The latest social media rage Sarahah might not be as safe as it claims. Apparently, the application has been quietly uploading contacts on its server from the users who downloaded it and provided access to their contacts.
The strangest thing is that this is being covered up in the name of a feature that does not exist so far. According to a report by The Intercept, the application has been uploading user contacts on its server without proper permissions to do so.
A senior security analyst, Zachary Julian installed the application on a Samsung Galaxy S5 which was running on Android 5.1.1. The analyst had specific software installed in the device that monitored the flow of data on the phone.
This flow of data indicated that Sarahah application was uploading contact information in the form of email IDs and phone numbers. The same was found on the iOS application.
He also claims that if the user does not use the application for a long time, the app resends contact information to the server.
Initially the company failed to respond, but once the report was published, the company gave a seemingly elaborate reason behind the suspicious activity. The founder of the application, Zain al-Abidin Tawfiq tweeted saying that the application asked for contact details for a new "find your friends" feature.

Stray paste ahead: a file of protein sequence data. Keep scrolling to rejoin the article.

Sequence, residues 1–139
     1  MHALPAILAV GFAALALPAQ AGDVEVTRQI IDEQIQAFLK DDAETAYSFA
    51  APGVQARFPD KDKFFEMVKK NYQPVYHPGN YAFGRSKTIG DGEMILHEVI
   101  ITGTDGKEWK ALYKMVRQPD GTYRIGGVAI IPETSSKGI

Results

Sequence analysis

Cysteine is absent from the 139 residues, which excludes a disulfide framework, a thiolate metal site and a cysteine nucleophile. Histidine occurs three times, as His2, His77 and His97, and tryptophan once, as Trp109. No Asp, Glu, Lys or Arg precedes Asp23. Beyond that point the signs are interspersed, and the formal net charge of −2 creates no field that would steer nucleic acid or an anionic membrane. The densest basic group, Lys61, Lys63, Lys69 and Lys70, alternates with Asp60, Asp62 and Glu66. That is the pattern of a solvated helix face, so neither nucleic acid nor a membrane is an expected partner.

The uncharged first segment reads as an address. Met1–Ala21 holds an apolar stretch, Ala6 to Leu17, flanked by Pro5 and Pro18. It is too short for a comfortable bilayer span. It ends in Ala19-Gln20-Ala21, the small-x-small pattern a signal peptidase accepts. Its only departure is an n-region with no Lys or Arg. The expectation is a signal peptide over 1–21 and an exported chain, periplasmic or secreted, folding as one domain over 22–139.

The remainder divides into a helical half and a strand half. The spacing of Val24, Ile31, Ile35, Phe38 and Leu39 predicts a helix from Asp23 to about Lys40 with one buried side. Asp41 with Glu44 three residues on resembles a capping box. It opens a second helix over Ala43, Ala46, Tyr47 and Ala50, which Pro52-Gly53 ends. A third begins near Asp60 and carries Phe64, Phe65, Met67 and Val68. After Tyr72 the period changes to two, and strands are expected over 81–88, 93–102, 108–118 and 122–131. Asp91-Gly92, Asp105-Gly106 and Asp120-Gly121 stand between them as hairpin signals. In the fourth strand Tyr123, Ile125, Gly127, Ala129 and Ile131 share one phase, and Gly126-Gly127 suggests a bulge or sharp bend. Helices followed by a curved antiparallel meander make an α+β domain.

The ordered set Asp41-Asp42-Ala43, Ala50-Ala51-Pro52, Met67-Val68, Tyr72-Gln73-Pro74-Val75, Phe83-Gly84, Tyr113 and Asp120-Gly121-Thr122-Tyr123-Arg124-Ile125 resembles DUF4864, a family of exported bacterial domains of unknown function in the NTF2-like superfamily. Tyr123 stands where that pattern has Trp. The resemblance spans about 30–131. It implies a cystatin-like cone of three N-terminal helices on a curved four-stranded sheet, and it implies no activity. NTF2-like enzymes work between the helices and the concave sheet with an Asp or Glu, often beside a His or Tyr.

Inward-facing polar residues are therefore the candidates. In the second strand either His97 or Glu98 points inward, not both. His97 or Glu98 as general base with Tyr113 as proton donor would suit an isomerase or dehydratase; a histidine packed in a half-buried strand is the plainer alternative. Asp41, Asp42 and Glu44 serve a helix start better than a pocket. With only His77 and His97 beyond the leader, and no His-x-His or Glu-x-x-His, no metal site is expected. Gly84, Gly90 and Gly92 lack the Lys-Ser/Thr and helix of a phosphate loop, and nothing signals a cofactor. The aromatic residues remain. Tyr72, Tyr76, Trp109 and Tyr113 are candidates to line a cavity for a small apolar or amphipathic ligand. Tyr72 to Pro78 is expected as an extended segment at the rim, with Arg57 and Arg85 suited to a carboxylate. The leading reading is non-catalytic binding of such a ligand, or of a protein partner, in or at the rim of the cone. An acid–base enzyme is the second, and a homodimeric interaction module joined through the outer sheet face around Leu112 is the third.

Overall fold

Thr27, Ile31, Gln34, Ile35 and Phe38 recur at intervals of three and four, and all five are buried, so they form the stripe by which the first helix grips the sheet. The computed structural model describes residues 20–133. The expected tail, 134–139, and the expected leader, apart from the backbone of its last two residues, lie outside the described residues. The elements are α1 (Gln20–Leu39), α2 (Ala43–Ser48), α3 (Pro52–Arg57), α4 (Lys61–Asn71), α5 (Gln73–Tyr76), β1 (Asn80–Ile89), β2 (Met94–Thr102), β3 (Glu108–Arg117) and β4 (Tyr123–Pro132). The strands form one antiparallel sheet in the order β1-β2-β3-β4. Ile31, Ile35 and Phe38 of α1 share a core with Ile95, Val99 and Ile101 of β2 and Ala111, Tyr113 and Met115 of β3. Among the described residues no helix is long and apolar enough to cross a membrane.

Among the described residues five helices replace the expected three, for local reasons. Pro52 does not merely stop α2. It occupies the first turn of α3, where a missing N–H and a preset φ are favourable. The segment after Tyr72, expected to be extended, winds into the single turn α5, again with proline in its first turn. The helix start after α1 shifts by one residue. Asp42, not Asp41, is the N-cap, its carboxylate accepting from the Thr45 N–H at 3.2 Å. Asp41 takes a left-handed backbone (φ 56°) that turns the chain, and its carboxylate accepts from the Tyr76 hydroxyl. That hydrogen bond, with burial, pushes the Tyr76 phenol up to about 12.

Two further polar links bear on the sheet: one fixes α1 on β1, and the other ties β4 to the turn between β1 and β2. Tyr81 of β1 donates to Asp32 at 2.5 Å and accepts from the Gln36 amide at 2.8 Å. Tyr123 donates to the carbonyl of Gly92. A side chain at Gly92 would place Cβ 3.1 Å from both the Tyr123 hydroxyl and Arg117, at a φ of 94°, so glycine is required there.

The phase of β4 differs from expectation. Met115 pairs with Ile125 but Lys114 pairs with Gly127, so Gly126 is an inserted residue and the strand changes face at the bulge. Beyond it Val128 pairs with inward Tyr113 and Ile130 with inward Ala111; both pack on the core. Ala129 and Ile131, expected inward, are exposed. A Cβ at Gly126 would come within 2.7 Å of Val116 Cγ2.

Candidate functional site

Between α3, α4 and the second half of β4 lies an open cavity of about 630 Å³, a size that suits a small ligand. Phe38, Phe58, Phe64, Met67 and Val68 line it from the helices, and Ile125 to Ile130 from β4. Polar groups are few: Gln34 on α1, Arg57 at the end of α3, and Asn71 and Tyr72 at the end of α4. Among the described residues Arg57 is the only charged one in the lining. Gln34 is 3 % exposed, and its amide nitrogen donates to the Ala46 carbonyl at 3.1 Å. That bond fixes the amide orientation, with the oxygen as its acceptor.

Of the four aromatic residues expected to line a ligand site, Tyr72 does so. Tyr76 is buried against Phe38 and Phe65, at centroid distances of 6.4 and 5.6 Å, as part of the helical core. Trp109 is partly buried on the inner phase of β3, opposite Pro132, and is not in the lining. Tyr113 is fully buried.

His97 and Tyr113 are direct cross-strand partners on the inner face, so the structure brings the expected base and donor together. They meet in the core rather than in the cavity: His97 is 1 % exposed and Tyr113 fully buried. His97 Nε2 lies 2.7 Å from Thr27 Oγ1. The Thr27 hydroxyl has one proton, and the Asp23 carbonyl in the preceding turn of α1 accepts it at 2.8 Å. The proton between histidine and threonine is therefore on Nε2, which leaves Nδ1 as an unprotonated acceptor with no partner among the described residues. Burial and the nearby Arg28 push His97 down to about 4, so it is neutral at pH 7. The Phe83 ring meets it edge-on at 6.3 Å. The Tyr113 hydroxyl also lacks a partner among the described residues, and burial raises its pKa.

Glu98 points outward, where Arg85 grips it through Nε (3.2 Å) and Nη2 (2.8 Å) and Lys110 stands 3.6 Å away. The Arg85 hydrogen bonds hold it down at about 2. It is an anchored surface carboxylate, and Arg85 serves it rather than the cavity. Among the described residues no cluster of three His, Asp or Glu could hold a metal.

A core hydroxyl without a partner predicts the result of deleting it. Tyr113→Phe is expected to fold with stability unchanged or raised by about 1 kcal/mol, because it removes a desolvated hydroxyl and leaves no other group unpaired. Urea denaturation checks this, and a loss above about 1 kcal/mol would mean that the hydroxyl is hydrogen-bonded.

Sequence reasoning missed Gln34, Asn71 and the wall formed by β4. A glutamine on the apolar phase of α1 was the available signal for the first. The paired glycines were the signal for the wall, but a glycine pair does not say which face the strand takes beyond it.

He further went on to explain in a tweet saying, "It was delayed due to a technical issue. The database doesn't currently host contacts and the data request will be removed on next update." According to the developer, the task of removing this feature was handed to an ex-partner who "missed that".
Requesting contact information is nothing new with Android's Play Store and iOS' App Store but usually there is a clear purpose behind the permission. Here, the app not only accessed the contact information but also uploaded content to its servers. Once uploaded on the servers, the user will have no control on the usage of those contacts.
Assuming that the company doesn't intend to misuse this information, there are still chances that the server can be hacked into and the data can be stolen and used for any purpose.
The app went viral earlier this month with over 10 million downloads on Android's Play Store alone. Considering the huge data base the application got access to, the threat of a data breach becomes even scarier.
The service can also be used without downloading the application. Much like Facebook, the website version of the app is available for anyone to use, without any apparent threat to the user's personal data.